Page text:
Doug Hollis’ High-back Windharp Chairs was the first work secured for The Carell Trail. At first glance, the two parts of the sculpture appear to be tall, oversized metal chairs painted in the same brick orange color of the Golden Gate Bridge in San Francisco, where the artist has lived since the mid-1970s. Arranged by the artist to face each other and create something like an outdoor room, the chairs are the product of his self-described “furniture phase” in the 1980s. With their vivid color and elevated seats, raised, as Hollis stated, “just a little too high, so when you’re sitting on them, your legs are kind of dangling a bit,” the two chairs have a playful, humorous quality. Upon closer examination and listening, Hollis’ sculpture reveals itself as a musical instrument. With their high-backs constructed from taut piano wire, the work also functions as an aeolian, or wind, harp, generating sound with the breeze.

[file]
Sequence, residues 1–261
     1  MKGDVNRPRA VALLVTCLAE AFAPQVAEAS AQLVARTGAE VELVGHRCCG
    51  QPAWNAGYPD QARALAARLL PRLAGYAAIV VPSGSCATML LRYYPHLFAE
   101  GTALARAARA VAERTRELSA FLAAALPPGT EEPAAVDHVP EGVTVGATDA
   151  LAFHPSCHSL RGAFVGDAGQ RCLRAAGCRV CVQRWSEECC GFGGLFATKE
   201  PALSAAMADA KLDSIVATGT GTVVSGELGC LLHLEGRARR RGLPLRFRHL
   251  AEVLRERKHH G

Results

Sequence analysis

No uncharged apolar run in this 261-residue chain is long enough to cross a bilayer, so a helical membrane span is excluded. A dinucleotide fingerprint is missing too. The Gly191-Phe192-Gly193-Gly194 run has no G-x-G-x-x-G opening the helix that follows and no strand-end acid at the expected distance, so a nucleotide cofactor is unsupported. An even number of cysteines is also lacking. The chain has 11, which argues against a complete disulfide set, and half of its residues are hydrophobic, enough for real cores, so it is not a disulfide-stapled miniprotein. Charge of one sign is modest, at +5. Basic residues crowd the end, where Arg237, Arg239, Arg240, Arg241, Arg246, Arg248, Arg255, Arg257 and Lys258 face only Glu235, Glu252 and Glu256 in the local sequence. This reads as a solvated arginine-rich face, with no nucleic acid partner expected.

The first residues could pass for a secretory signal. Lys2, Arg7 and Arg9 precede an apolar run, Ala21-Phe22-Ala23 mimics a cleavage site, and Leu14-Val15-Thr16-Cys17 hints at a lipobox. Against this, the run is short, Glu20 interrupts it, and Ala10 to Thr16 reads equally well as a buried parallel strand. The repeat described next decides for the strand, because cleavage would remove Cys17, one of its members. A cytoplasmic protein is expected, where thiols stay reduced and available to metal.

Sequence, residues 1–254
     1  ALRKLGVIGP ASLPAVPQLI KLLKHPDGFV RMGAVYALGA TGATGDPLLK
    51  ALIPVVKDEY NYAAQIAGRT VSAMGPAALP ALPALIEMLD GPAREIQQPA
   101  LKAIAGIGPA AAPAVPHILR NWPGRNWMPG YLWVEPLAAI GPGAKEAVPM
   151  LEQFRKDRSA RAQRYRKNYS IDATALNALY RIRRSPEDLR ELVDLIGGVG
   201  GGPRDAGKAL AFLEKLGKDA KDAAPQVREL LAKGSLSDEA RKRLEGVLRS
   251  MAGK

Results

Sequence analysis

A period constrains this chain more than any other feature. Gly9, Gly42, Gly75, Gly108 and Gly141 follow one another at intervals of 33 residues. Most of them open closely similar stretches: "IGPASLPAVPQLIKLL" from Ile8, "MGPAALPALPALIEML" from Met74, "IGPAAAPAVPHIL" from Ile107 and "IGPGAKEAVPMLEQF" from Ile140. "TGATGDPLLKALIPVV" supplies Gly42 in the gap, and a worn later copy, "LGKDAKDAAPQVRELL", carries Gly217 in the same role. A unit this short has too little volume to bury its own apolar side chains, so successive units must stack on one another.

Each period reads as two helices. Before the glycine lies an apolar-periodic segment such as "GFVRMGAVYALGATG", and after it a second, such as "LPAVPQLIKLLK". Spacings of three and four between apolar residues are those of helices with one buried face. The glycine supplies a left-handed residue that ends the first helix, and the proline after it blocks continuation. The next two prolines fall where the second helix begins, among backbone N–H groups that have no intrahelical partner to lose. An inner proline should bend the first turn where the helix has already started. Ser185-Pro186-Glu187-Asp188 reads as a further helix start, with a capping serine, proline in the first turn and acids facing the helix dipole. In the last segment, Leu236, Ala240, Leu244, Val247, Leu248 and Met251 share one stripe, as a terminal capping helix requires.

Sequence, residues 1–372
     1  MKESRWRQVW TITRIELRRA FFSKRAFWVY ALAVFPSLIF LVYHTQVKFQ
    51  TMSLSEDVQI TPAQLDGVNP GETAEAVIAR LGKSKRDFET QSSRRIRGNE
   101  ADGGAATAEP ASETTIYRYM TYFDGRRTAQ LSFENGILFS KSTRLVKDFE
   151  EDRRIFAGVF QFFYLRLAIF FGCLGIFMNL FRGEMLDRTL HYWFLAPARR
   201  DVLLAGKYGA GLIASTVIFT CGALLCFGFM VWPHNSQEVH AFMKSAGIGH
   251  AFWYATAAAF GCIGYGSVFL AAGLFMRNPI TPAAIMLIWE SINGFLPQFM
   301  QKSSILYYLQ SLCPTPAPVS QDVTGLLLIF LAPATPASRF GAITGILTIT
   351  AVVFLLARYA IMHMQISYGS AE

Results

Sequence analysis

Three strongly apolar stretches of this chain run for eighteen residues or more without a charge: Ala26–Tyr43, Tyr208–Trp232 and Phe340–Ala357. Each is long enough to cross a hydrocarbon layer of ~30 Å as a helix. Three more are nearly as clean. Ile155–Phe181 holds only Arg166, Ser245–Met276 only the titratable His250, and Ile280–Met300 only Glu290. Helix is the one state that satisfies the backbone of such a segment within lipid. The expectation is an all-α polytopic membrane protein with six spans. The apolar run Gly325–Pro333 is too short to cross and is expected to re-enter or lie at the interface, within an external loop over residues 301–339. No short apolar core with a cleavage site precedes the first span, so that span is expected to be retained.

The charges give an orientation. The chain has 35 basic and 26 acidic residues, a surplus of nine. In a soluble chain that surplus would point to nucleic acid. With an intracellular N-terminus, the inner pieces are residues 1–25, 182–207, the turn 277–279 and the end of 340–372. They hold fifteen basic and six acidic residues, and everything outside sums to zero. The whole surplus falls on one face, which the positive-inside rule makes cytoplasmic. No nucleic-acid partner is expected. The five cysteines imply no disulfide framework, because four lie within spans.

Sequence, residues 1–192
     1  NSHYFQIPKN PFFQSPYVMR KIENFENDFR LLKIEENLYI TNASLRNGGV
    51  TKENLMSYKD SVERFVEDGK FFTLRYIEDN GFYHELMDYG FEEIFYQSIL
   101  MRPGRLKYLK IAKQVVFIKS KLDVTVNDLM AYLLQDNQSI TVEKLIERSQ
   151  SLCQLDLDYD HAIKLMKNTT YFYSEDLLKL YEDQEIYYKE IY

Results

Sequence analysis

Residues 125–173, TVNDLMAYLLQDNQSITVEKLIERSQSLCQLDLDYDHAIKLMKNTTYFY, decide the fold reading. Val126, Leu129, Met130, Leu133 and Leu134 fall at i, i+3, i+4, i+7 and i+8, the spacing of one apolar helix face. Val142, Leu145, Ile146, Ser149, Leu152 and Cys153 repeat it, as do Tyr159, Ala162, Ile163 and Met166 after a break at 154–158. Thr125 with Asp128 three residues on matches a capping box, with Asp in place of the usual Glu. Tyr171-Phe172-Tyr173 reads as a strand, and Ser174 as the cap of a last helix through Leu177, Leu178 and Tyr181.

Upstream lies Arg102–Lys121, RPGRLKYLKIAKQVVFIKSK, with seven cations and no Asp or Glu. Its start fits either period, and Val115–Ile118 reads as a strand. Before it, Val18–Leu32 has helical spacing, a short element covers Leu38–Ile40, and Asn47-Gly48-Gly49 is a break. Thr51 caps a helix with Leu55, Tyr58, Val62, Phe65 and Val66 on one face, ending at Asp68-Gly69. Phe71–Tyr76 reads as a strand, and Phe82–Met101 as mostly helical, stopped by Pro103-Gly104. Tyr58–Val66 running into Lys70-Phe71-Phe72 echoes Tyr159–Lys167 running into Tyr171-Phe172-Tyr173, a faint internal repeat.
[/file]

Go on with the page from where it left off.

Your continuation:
Hollis developed an interest in sound and outdoor sculpture in 1976, while working as an artist-in-residence at the Exploratorium, a museum in San Francisco, founded by noted physicist Frank Oppenheimer. Hollis has since created numerous large-scale public commissions with aural components, often created by integrating wind and moving water elements. He is perhaps best known for Seattle’s A Sound Garden, a multipart sculpture comprised of twelve twenty-one-foot-high steel towers, each with an organ-pipe suspended from a weathervane at its pinnacle. The project was commissioned by the National Oceanic and Atmospheric Administration (NOAA)’s Seattle campus, and the rock band Soundgarden cites it as the inspiration for their name.